2013 NFL Draft Scouting Report: Alex Okafor

  • Productive pass-rusher
  • Repertoire of moves
  • Good ability to force fumbles
  • Shedding blocks when pass rushing
  • Quick get-off
  • Athletic
  • Lined up in a variety of spots
  • Active hands
  • Speed to turn the edge
  • Agility to sink his hips/shoulder
  • Experienced
  • Strength
  • Quality motor
  • Ability to bull rush
  • Scheme versatility

  • Weaknesses:
  • Not overly fast
  • Not overly strong, physical
  • Isn’t natural dropping into coverage as an outside linebacker
  • Will need to improve his ability to anchor against the run
  • May not be productive going against left tackles

  • Summary: Entering the 2012 season, there was more hype about Okafor’s teammate Jackson Jeffcoat. Perhaps it was all name related with Jackson being the son of Jim Jeffcoat, but once the games started, Okafor was clearly the better player and pass-rusher.

    That shouldn’t have come as a real surprise as Okafor was one of the top ends in the Big XII in 2011. The junior was a First-Team All-Big XII selection and picked up 58 tackles, 14 tackles for a loss, seven sacks, three passes batted and two forced fumbles. He was just a backup in 2010, yet had 2.5 sacks.

    Okafor dominated the first half of the 2012 season. He made two massive plays to help Texas almost pull out a win against West Virginia. For the first, Okafor beat the right tackle with a speed rush just before halftime, dropped his shoulder to get leverage and planted Geno Smith on his back. The hit forced the ball out, and Jeffcoat recovered it just over the goal line for a Longhorns’ touchdown. Okafor made a game-changing play in the fourth quarter with Texas down by three. He bull rushed the right tackle straight into Smith. Okafor reached out while falling to the ground and slapped the ball out of Smith’s hand. The Longhorns recovered the ball at West Virginia’s 12-yard line. Okafor also registered a blocked kick in the game with a number of other pressures on Smith.

    Okafor had an ankle injury late in the year that led to him playing very few snaps against Kansas State. Still, he almost recorded a sack of Collin Klein; Okafor started it, but wasn’t given credit statistically. He had zero tackles the week previous against TCU because of the ankle injury.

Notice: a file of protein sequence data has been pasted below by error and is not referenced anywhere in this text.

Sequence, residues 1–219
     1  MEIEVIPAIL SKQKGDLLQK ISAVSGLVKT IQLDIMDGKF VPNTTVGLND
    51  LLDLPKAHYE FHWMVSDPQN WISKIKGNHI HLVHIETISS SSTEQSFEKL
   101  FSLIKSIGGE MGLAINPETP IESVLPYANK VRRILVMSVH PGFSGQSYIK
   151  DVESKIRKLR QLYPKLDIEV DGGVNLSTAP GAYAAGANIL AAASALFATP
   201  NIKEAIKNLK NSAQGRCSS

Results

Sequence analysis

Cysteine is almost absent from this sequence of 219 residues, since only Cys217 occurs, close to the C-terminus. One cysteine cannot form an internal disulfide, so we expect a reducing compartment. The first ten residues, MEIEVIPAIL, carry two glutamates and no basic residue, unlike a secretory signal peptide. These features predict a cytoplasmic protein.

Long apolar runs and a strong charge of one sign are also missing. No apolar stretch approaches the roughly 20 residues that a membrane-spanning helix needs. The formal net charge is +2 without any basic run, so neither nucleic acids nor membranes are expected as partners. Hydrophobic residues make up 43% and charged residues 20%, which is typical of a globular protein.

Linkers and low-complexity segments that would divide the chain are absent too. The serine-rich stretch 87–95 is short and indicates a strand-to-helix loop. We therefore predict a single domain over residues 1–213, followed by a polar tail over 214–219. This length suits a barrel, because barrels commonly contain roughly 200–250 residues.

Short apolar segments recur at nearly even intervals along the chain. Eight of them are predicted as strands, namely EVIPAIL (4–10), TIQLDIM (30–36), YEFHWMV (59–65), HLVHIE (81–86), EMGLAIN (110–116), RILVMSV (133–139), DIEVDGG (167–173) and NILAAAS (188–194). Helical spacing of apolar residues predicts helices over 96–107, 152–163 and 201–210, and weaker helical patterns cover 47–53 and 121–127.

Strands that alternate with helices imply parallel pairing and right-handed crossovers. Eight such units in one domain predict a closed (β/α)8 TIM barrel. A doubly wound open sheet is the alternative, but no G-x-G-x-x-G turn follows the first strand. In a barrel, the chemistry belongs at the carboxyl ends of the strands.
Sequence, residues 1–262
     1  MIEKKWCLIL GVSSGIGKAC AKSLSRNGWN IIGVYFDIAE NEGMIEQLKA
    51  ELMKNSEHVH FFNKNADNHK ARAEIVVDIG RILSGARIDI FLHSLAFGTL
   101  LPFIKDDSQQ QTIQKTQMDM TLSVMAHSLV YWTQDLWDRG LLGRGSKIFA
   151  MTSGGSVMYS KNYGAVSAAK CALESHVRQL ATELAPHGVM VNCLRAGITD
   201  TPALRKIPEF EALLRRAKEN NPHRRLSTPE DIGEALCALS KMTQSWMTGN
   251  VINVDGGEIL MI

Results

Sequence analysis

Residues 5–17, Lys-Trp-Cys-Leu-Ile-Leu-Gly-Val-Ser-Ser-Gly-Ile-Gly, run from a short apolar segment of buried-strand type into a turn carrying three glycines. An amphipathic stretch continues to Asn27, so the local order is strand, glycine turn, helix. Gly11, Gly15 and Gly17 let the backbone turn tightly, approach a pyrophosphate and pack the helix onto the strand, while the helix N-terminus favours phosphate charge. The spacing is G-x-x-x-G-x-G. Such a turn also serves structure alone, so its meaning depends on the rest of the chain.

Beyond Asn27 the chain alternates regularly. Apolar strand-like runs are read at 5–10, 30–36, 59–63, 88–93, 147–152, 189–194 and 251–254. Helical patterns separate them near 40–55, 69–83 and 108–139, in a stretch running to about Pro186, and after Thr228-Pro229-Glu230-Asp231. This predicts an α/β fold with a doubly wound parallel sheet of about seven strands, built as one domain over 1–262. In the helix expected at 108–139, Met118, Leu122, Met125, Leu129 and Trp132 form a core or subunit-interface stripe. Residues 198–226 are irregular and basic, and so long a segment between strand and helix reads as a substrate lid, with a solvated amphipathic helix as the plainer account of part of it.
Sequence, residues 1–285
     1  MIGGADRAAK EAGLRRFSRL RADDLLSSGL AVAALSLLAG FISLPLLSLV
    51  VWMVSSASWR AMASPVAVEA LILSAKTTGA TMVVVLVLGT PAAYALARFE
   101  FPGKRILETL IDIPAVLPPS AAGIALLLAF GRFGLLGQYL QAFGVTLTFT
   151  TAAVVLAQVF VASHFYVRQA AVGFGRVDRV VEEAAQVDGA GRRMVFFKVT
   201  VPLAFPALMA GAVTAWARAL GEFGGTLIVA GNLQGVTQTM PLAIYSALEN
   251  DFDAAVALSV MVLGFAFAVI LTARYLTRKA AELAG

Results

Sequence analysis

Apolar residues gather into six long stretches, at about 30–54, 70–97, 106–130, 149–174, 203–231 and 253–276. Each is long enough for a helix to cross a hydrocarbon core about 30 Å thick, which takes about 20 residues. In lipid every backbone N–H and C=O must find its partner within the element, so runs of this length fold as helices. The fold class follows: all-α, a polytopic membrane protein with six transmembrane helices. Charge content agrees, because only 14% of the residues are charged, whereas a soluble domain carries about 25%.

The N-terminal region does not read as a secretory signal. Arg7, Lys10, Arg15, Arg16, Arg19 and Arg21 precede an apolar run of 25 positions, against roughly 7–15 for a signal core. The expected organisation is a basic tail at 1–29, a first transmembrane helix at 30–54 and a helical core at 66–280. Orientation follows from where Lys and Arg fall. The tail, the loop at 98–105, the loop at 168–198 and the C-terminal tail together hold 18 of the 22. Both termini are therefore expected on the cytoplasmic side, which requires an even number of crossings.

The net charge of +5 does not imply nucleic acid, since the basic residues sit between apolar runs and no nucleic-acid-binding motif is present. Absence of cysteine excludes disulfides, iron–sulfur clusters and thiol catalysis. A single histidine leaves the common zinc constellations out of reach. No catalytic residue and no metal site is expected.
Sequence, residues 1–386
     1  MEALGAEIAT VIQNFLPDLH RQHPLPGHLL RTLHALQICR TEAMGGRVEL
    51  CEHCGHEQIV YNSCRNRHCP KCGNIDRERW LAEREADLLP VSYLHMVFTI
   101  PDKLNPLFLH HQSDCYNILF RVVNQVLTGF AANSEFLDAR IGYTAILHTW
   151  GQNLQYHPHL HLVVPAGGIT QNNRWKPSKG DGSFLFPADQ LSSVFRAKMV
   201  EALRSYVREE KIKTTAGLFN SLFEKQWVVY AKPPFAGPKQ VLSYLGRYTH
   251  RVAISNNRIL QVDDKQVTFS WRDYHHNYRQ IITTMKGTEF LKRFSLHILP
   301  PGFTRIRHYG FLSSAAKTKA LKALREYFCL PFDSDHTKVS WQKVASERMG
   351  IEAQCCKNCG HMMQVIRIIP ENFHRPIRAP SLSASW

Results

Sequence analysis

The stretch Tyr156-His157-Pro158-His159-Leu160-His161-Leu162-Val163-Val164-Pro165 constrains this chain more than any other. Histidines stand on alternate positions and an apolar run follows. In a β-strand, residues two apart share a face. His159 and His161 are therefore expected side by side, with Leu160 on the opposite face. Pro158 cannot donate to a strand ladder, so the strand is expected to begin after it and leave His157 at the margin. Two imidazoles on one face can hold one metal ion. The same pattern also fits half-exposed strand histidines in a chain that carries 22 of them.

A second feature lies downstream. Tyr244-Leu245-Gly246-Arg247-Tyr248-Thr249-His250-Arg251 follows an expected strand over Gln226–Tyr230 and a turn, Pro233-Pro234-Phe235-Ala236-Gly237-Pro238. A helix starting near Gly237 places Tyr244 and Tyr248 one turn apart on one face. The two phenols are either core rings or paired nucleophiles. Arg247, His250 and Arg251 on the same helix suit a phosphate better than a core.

In his collegiate finale, Okafor went out with a bang as he dominated Oregon State with 4.5 sacks, eight tackles, 5.5 tackles for a loss and a forced fumble. Okafor came close to a few other sacks and set up his teammates to sack the quarterback. He was dominating the right tackle with speed rushes and bull rushes. The senior totaled 54 tackles, 12.5 sacks, 16.5 tackles for a loss, four forced fumbles, a blocked kick and a pass batted in 2012.

    An injury kept Okafor from running at the Combine, but he performed well at the Senior Bowl. Okafor started out the week on fire before cooling down some. Oklahoma offensive tackle Lane Johnson told WalterFootball.com that Okafor was the best pass-rusher he went against in college, and NFL teams value that kind of feedback.

    Okafor bested offensive tackles with speed, strength and a repertoire of pass-rushing moves as a Longhorn. He has a nice get-off with enough speed to turn the corner. Okafor also does well cutting to the inside. The strength of his bull rush catches offensive tackles by surprise. He should turn into a good pass-rusher in the NFL.

    Okafor does ok on the ground, but he isn’t an elite run-defender and is better trying to get upfield rather than holding his ground at the line of scrimmage. Okafor does well in pursuit.

    Texas lined up Okafor in a variety of spots. He played both with his hand on the ground and as a stand-up outside linebacker. Okafor isn’t natural dropping into coverage. He could play 3-4 outside linebacker, but his best fit as a professional would probably come playing left defensive end in a 4-3 defense. He could provide some nice pass-rushing mismatches against right tackles.

    Scouts at both the East-West Shrine and the Senior Bowl told WalterFootball.com that they believe Okafor will be a first-round pick, but it seems possible that he could slip to the second day. Okafor’s pass-rushing ability and production should result in him being a top-60 selection.

    Player Comparison: Trent Cole. Like Cole, Okafor is a steady and consistent pass-rusher. Both players win with a combination of speed, strength, moves and versatility. Cole (6-3, 270) is a little shorter and heavier than Okafor, but in the NFL, Okafor should reach 270 after spending some time in a pro strength program. For the most part, Cole has been a reliable pass-rusher in his career that has produced good sack totals. It isn’t a stretch to see Okafor having a career similar to Cole.

    NFL Matches: Atlanta, Detroit, Miami, San Diego, Oakland

    There are a few teams in the back half of the first round and early in the second round that Okafor could land with. Atlanta has to find a replacement for John Abraham. Okafor could be in the pool of players for the Falcons to consider late in the first round.

    Detroit is going to need to bring in some defensive ends. The Lions could target Okafor early in the second round, and he would be a nice complement to their pass-rushing defensive tackles.

    The Dolphins could use an edge-rusher to pair with Cameron Wake. San Diego could use Okafor alongside last year’s first-rounder, Melvin Ingram. That will be a serious need if it isn’t addressed by re-signing Shaun Phillips or a different veteran.

    Oakland had a pathetic pass rush from its ends in 2012. The Radiers would have to trade up into the second round from their third-round pick, but Okafor would be a nice upgrade for them.


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